After weeks of speculation as to where United States President Donald Trump and North Korean leader Kim Jong-un might meet, Trump put all rumors to rest and tweeted about his plan to meet the North Korean leader in Singapore on June 12.
Though Singapore had been in the running to host this momentous meeting should it push through, there were other candidates, including the border village Panmunjom, Mongolia, and a few others. Panmunjom may have lost out as it had already hosted the inter-Korean Summit on the southern side of the Joint Security Area last April 27. If Panmunjom had hosted another summit, it may not have grabbed enough attention and the North Koreans may have played up the meeting as an American president reaching out to them.
As of this posting, however, North Korea threatened to cancel the summit in response to Washington’s demands that the country relinquish its nuclear arsenal. High-level talks with Seoul were also canceled on Wednesday, May 16, following South Korea’s joint military exercises with the United States. Despite such threats, things do seem to be progressing toward an eventual meeting between the countries’ leadership, if ever more tenuously.
For now, what begs the question now is, why was Singapore selected?
First, Singapore maintains good relations with both the U.S. and North Korea, and has always been considered an honest observer. As such, the location should give ample space to both the U.S. and North Korea to work out their strategies. Singapore also has diplomatic relations with both the U.S. and North Korea. However, the U.S. presence in Singapore dwarfs that of North Korea.
When the White House’s principal deputy press secretary, Raj Shah, was quizzed on why Singapore was chosen as the venue, he remarked that it was “ to ensure both the President’s security and Kim Jong-un’s security, as well as provide neutrality.”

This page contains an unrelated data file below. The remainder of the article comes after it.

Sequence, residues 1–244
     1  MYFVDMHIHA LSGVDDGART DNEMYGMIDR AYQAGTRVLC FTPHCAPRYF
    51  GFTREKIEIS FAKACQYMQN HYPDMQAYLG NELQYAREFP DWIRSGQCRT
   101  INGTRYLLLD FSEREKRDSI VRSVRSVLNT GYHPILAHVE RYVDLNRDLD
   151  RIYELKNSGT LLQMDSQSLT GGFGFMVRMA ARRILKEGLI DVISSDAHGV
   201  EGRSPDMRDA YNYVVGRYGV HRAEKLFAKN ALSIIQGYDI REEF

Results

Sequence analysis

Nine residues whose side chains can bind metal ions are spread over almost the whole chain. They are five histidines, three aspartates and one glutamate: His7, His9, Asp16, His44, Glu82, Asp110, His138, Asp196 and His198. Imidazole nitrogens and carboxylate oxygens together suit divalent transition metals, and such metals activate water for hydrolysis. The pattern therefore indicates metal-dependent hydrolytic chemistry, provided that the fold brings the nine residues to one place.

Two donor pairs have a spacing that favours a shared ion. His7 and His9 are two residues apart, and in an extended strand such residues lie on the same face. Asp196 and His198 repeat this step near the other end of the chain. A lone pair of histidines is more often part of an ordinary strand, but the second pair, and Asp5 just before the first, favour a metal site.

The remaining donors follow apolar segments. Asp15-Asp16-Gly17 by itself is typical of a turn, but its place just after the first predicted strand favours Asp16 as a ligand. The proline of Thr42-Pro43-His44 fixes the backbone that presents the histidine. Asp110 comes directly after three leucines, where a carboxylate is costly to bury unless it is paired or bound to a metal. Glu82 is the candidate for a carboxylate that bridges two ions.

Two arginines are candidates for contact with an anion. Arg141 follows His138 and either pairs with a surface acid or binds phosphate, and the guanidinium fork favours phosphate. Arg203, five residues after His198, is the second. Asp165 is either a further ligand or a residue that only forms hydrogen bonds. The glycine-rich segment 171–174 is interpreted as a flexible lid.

Singapore also boasts the experience of successfully hosting similar high-profile summits in the past. In 2015, it hosted a summit between the Chinese President Xi Jinping and the then-Taiwanese President Ma Ying-jeou.
Second, the two sides may have decided to choose Singapore to take the wind out of Beijing’s sails on this issue. China is the biggest trading partner of the recalcitrant North. However, under U.S. and international pressure, Beijing has tightened the screws on Pyongyang recently, something which must have upset North Korea no end. Kim has made two quick visits to China, one by train to Beijing and the other to Dalian by air. These unusual visits could mean that Beijing is miffed that the DPRK is not giving enough importance to China and hence Kim Jong-un might have tried to allay Chinese concerns with back-to-back visits.
Third, the choice of Singapore as a venue could have been influenced by the fact that the flying distance to Singapore is well within the range of the personal aircraft used by the North Korean strongman—a Russian-built Ilyushin-62M jet. Kim’s recent trip to Dalian to meet President Xi Jinping may well have been a dry run for the Singapore summit.
Fourth, as BBC reported, Ankit Panda of The Diplomat said, “One reason why Singapore would be acceptable to Kim Jong-un is because it is a non-party, non-signatory state to the Rome Statute of the International Criminal Court.” Hence, the North Korean strongman is also pre-empting any human rights abuse cases during his trip to Singapore for the summit.
Fifth, security is a key issue for such summits and Singapore is adequately prepared for these events. It hosts the annual Shangri-La dialogue, and this year will be no different.
Singapore also possesses the required infrastructure and facilities to host high-profile events. Hosting an event of this nature can be a logistical nightmare for the various parties involved, and Singapore has shown many times in the past that it is perfectly capable of managing the details.
Singapore is also the ASEAN chair for 2018. The Trump administration has stressed the centrality of the “Indo-Pacific” in its scheme of things, and the importance of Singapore as the meeting point of East and West is becoming ever clearer.
However, the Singapore summit is only the first step in a long process. The Trump administration has repeatedly stressed the importance of North Korea’s “complete, verifiable, and irreversible denuclearization.” President Trump could also be planning to take away any credit away from Beijing, in case the summit goes well.
What is apparent from the recent goings-on is that the Trump administration is rapidly cutting down on Beijing’s space for diplomatic maneuvering on the Korean front. This could be a part of a well-thought-out plan of the Trump team to ratchet up the pressure on Beijing on other fronts.
Dr. Rupakjyoti Borah is with the Institute of South Asian Studies at the National University of Singapore.